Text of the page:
A Fenland village school has come up with a creative way to provide a new library for its children.
Staff at the Alderman Payne Primary School in Parson Drove secured more than £20,000 worth of grants to purchase and convert an old double decker bus for the project.
And the new facility, which was unveiled during a ceremony on Friday, has been named after the school’s caretaker, Colin Killingworth, who was the driving force behind the project.
Headteacher Sue Blyth said: “He had the idea of getting the bus. Everything he does is for the kids.
“It’s his 70th birthday in August and, as a birthday present, we’ve named the bus after him. He had no idea. He was very moved.”
Wisbech mayor Steve Tierney was invited to open the bus on Friday afternoon, marking the culmination of an 18 month project to replace the school’s old and small library.
After the bus, provided by Fowler’s Travel of Holbeach Drove, near Spalding, was delivered to the school last autumn, staff then secured a number of grants to renovate the vehicle.
The main donor was Tesco, which provided £10,000 through its community programme, while the John Bends Charity, which is based in Parson Drove, pledged £4,000.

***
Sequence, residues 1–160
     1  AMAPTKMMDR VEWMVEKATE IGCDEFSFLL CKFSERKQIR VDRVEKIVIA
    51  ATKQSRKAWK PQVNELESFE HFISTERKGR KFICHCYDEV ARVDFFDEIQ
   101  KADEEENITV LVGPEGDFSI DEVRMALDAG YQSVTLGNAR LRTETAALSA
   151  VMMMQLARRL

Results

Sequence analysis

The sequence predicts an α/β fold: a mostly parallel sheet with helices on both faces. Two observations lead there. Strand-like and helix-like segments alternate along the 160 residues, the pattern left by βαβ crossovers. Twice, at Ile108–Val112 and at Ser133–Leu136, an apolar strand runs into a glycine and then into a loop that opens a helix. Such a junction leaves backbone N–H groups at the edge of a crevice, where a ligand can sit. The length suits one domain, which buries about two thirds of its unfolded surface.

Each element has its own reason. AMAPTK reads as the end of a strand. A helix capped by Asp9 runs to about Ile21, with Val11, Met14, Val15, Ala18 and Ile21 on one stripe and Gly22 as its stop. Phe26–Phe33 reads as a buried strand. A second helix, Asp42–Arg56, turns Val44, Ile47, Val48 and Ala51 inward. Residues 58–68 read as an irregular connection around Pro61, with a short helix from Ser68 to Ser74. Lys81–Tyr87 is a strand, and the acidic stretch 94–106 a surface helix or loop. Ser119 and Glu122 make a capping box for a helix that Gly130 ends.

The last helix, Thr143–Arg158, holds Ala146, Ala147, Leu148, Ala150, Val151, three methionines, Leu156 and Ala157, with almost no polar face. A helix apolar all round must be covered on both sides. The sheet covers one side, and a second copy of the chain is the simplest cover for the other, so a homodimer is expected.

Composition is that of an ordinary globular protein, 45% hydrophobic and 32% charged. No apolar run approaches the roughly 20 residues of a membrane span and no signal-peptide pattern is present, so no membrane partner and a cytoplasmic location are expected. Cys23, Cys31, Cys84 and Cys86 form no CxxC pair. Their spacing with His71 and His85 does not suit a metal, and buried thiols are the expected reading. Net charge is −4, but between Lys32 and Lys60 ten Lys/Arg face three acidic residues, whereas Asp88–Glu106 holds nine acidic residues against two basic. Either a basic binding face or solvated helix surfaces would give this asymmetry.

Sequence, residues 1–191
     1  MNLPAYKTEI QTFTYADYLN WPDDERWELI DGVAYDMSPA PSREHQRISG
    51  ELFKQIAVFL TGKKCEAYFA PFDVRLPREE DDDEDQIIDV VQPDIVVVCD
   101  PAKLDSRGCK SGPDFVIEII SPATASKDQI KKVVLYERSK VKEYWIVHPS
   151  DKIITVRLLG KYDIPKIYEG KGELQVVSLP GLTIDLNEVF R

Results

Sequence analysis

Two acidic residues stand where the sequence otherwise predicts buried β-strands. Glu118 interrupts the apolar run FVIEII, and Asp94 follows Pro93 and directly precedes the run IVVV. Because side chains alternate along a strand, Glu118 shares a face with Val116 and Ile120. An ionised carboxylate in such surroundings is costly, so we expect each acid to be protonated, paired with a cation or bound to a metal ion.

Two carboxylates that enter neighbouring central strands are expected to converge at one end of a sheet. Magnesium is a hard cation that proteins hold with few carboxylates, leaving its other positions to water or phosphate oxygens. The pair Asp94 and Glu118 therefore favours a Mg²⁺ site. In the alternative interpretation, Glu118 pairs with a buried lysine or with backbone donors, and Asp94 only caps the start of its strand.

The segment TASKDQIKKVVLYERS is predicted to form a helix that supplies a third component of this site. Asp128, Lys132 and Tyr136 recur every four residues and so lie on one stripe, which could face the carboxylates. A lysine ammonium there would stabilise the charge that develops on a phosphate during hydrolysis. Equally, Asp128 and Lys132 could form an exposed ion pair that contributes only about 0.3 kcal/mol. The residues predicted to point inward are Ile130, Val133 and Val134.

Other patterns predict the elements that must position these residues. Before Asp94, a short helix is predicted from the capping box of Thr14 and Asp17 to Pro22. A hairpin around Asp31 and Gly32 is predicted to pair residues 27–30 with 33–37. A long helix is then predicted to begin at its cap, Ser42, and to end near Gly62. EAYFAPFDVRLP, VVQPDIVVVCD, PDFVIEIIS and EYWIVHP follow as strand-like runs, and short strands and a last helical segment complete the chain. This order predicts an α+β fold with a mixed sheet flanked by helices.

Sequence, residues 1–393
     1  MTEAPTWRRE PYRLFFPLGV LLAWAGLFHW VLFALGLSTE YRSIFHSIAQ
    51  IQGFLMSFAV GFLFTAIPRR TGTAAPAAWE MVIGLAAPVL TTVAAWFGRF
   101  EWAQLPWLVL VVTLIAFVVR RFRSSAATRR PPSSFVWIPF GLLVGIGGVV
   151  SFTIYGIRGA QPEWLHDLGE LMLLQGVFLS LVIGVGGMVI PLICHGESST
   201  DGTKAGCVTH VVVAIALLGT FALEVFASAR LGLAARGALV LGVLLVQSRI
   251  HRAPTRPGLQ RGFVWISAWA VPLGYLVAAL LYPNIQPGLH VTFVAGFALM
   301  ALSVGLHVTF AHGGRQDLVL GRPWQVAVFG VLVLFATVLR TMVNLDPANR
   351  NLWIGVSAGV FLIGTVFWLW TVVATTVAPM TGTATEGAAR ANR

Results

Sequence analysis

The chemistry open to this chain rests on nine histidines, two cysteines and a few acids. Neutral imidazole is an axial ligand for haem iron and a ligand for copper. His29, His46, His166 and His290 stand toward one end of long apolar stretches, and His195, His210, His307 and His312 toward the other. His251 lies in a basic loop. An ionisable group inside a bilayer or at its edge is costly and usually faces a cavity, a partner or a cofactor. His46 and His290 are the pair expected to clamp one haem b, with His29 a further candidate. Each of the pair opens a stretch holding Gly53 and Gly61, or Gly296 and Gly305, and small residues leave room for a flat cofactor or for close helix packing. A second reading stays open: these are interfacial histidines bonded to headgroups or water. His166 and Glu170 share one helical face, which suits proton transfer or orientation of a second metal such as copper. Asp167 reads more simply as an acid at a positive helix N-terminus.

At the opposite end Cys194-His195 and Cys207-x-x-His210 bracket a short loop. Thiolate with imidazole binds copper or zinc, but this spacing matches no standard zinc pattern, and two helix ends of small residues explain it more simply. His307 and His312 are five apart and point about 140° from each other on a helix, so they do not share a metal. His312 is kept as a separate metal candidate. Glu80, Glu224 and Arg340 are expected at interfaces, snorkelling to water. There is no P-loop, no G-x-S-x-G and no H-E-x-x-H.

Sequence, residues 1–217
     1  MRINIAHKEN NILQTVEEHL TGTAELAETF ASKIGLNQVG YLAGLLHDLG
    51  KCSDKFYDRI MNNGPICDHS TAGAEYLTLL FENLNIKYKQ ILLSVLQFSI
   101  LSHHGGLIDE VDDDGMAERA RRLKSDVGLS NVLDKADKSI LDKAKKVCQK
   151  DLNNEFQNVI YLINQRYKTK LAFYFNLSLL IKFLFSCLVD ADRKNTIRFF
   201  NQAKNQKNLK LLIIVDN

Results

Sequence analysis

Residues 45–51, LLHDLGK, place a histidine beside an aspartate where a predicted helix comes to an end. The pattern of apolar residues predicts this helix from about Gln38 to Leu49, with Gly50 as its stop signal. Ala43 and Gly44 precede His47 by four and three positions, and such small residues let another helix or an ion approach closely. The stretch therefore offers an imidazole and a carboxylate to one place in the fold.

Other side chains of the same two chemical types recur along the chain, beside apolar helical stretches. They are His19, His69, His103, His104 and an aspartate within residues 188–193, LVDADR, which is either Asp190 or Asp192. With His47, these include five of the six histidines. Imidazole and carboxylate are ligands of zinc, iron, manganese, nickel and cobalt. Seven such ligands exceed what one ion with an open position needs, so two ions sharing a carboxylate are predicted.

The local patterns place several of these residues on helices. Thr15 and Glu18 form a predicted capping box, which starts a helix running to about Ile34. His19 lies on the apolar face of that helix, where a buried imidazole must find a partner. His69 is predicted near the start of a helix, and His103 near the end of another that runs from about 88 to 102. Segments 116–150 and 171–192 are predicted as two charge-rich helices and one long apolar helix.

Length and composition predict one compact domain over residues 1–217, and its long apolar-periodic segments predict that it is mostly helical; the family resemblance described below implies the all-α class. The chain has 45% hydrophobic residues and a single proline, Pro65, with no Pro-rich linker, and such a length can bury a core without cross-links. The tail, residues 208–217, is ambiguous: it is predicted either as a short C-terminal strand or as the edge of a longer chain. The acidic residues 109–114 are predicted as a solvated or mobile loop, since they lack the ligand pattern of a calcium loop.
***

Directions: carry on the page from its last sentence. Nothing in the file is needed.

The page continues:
A further £4,000 was provided by the Foyle Foundation, a national library charity, while £3,000 was contributed by electricity board officials in return for them being able to bury cables under part of the school’s land. Fenland District Council also contributed £500.
Ms Blyth said a former member of staff had made the upholstery for the seats, while March-based Sharman Fabricators had made the vehicle’s fire escape – a slide – and bookshelves were built by Top Knot.
Donors were invited to the school on Friday evening to see the finished facility for themselves.
And she hopes the bus will help to inspire pupils in their reading much quicker, and cheaper, than a newly-built library might have done.
She said: “We’ve only got 106 children. There’s no way we could ever have afforded to built a purpose-built library.”